Recipe for career in cooking

Photos by Ron Leir KHS culinary arts students hard at work
Photos by Ron Leir
KHS culinary arts students hard at work


Pastry sous chefs Chase La- Corte and Gian Frank Narvaez were busy collaborating on creating mille mango crepes.

“Teamwork and communicating” are essential in making it work, said Narvaez, as he tentatively maneuvered his spatula in a frying pan as his crepe cooked over a light flame. Working against the clock is a constant challenge, added LaCorte, who has been bussing tables at The San Carlo catering hall in Lyndhurst since June.

Meanwhile, Andre Martins, Nina Bernavon, Shannon Castillo and Diana Munoz – who bakes “theme” cakes for friends’ birthdays and holidays at home – were occupied with fashioning fondant icing in different colors aided by food dyes.

“It tastes like marshmallow dough,” Martins explained as Bernavon – who says, “I love to cook steak – medium – with roast potatoes” – examined her red dye-streaked hands. Eventually, the team will have designed several variants of 3-tier cakes.

Then there was David Martinez, perpetually in motion, assembling various ingredients for a host of tasty pastries: weighing mixtures of brown sugar and packaging them in small clear bags, filling plastic containers with 15 eggs apiece for each cake and so on.

For Martinez, “to feed people, serving others” is a joy. He is contemplating a future career as a Catholic missionary but, for now, he – like his colleagues – appears happy to be part of the Kearny High School Culinary Arts team.

Led by culinary arts instructor Matt Barone – whom the students address as “chef” – the team was under the gun last week as they organized the preparation of 11 different confectionery concoctions as deserts for a dinner being held to celebrate the newly inducted members of the school’s National Honors Society.

Barone, who spent 12 years in the private sector – working his way up the food chain from dishwasher/waiter to running a catering firm with his spouse – before switching to the classroom, helped re-write the KHS culinary arts curriculum, aligning it with “industry standards” soon after his arrival some four years ago.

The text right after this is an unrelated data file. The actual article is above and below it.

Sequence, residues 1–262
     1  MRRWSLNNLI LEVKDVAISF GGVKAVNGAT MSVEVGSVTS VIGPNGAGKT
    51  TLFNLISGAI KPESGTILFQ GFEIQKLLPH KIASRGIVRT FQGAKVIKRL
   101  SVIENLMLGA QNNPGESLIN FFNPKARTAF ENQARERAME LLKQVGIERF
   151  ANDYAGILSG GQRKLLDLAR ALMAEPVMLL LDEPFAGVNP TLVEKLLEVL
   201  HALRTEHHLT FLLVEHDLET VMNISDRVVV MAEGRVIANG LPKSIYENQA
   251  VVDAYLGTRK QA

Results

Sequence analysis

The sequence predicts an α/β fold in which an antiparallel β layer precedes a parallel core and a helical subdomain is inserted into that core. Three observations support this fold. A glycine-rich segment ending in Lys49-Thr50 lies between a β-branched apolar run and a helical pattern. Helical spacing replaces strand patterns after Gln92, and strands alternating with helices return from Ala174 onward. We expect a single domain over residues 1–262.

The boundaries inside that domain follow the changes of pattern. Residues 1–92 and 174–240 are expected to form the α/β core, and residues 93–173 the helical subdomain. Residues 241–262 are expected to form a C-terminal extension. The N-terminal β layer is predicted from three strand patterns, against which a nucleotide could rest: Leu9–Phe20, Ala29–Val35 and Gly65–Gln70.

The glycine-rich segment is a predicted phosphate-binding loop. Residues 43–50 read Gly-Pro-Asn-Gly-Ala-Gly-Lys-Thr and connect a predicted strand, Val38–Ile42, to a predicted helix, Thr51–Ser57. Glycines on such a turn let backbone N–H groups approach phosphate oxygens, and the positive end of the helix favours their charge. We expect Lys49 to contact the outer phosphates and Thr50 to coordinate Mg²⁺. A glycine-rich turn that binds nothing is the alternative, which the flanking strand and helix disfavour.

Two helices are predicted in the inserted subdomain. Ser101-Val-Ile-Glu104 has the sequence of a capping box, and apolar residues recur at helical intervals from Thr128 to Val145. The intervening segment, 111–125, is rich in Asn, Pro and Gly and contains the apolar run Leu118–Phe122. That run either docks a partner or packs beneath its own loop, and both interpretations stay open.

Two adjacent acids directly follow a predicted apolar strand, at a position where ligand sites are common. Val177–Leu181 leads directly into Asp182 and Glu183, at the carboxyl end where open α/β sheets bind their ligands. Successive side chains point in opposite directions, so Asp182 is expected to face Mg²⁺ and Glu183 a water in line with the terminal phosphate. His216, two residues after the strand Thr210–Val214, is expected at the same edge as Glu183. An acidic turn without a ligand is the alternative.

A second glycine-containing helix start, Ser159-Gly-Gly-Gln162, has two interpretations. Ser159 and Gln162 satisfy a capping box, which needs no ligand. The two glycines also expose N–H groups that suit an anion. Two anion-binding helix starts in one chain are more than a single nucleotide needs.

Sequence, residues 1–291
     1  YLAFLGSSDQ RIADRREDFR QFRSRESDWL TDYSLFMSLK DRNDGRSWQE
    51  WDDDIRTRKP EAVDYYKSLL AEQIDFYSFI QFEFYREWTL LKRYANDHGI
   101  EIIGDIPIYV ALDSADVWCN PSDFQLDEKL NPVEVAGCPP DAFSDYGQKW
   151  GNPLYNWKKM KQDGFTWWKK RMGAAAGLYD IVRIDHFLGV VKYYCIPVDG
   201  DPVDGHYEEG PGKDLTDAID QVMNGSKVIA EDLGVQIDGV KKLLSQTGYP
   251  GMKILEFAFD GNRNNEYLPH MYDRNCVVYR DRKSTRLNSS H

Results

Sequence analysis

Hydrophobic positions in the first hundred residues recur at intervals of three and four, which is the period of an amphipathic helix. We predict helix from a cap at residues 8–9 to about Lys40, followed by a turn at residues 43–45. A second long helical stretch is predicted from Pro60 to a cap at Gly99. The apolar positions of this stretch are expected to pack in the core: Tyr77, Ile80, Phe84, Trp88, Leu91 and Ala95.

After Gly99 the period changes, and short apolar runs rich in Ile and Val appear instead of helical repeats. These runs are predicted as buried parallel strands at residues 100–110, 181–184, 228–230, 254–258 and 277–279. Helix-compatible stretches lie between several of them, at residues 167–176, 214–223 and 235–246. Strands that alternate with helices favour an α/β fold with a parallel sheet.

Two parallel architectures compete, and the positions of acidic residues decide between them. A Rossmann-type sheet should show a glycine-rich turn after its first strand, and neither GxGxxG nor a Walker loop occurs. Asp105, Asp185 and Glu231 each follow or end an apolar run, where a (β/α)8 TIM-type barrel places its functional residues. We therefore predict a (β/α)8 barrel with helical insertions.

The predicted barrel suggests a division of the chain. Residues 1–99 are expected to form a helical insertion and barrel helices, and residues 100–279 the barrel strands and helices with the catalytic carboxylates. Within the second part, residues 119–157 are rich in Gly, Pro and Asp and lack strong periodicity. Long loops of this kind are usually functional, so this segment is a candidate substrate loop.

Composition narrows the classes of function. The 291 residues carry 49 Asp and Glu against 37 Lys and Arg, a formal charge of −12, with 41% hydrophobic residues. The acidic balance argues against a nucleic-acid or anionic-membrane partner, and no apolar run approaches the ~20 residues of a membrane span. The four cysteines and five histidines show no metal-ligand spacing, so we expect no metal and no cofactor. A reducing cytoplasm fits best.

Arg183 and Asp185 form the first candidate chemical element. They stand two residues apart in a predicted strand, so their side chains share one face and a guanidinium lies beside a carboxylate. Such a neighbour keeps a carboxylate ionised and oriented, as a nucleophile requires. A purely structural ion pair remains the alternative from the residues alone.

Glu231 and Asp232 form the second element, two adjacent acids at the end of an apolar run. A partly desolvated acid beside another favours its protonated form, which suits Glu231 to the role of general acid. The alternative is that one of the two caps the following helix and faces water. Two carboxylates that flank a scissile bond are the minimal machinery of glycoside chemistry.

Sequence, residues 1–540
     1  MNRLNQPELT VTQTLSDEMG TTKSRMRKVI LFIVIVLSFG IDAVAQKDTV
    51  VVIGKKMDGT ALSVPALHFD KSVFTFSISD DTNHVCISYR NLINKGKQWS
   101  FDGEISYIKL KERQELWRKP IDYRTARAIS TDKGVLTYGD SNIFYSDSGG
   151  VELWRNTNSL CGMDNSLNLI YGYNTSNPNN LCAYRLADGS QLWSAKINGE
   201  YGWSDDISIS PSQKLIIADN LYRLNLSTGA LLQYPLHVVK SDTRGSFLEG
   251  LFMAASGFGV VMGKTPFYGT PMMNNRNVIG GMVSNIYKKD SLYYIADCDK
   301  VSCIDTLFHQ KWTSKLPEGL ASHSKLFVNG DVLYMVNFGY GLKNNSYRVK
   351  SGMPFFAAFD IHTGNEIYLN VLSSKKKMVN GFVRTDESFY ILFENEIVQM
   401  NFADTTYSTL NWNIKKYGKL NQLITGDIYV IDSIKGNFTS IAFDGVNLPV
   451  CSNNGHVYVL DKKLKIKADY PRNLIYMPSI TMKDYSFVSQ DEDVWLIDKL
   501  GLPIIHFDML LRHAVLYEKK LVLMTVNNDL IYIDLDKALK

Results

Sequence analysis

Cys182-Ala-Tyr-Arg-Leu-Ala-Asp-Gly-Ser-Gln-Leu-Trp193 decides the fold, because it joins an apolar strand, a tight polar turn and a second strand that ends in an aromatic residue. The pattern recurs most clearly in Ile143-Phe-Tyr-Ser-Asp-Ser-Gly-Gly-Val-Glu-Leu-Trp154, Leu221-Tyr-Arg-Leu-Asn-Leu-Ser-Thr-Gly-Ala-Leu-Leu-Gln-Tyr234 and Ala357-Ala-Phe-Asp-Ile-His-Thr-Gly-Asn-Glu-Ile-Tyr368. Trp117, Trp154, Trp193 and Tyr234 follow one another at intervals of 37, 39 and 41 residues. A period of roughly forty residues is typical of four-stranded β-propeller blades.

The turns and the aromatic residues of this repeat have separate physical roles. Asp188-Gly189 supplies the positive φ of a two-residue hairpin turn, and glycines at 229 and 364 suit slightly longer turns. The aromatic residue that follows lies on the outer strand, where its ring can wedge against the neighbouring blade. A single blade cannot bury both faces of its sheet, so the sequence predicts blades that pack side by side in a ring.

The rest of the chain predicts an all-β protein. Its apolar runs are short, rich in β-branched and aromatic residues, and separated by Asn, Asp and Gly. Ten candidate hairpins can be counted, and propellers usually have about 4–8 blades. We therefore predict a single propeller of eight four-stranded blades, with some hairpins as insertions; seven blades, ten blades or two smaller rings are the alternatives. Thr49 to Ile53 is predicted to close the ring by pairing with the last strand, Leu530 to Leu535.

culinary_web2Because the hospitality trade has actually grown since the 2008 recession, Barone said that the food industry can be an entry vehicle for young people with skills in that sector and that trend, he added, is reflected at KHS where as many as 200 students are enrolled in “Cooking Basics,” the introductory level course, either as a life skills elective or as a path to a career choice.

Applying industry protocol as they go, students take an exam which, if they pass, qualifies them as a certified food handler in New Jersey. Later in the culinary arts program, there is an opportunity to take a more demanding test which, if they are successful, gives them three college credits and certifies them as a food manager – an industry requirement.

“In the three years that we’ve offered the exam,” said Barone, “of the 87 students who took it, 82 have been certified. It shows our students work hard.”

To boost the chances of seniors looking to make a culinary career, the Kearny Board of Education recently approved an articulation agreement with the Culinary Institute of America that, starting next year, will provide seniors admitted there with merit scholarship grants conditional on a favorable review of their transcripts, achieving a designated grade point average and a recommendation from Barone.

Following a CIA representative’s visit to Kearny High earlier this month to interview applicants, Barone disclosed that “14 out of 17 seniors have been accepted for admission to the school and are now eligible for the scholarships.”

This year, Barone said, will also see a five-member contingent from the KHS culinary arts program participate – for the first time – in a scholarship competition sponsored by Pro Start, a national technical education college readiness program supported by the restaurant industry.

The KHS team will square off against other student culinary arts teams from New Jersey on Jan. 26 at Hamilton Manor in Hamilton Township where, from 8 a.m. to 6 p.m., teams will be judged on their creation of a model for a successful restaurant in terms of a business plan, client demographics, menu, cooking and prices.

“From what we’ve been told, the question and answer session with the judges will be very intense,” Barone said. But, for any student considering a career in culinary arts, this experience will serve as a good assessment of what he or she needs to know to succeed, he added.

If the Kearny students win, they’ll advance to the nationals to compete for a trip to Disneyland.

But as of last week, all the budding cooks were focused on making sure their NHS buddies were getting their desserts.

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